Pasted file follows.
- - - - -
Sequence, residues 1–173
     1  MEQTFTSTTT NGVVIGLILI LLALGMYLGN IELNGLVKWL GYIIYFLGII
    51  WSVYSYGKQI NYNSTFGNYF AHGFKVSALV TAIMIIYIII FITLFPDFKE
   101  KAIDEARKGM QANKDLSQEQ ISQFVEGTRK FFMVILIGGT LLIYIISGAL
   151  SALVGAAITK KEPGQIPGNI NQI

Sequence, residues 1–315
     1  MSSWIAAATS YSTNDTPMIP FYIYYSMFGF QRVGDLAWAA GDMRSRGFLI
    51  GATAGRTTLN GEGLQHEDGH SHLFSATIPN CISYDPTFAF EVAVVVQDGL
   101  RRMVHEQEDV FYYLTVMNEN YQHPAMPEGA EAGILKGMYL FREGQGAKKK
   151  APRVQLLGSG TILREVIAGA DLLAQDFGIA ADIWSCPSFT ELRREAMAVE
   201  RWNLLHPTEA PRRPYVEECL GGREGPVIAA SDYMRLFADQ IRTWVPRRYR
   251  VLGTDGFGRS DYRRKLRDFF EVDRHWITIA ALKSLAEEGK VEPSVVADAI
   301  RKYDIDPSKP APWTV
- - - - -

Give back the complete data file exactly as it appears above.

Sequence, residues 1–173
     1  MEQTFTSTTT NGVVIGLILI LLALGMYLGN IELNGLVKWL GYIIYFLGII
    51  WSVYSYGKQI NYNSTFGNYF AHGFKVSALV TAIMIIYIII FITLFPDFKE
   101  KAIDEARKGM QANKDLSQEQ ISQFVEGTRK FFMVILIGGT LLIYIISGAL
   151  SALVGAAITK KEPGQIPGNI NQI

Sequence, residues 1–315
     1  MSSWIAAATS YSTNDTPMIP FYIYYSMFGF QRVGDLAWAA GDMRSRGFLI
    51  GATAGRTTLN GEGLQHEDGH SHLFSATIPN CISYDPTFAF EVAVVVQDGL
   101  RRMVHEQEDV FYYLTVMNEN YQHPAMPEGA EAGILKGMYL FREGQGAKKK
   151  APRVQLLGSG TILREVIAGA DLLAQDFGIA ADIWSCPSFT ELRREAMAVE
   201  RWNLLHPTEA PRRPYVEECL GGREGPVIAA SDYMRLFADQ IRTWVPRRYR
   251  VLGTDGFGRS DYRRKLRDFF EVDRHWITIA ALKSLAEEGK VEPSVVADAI
   301  RKYDIDPSKP APWTV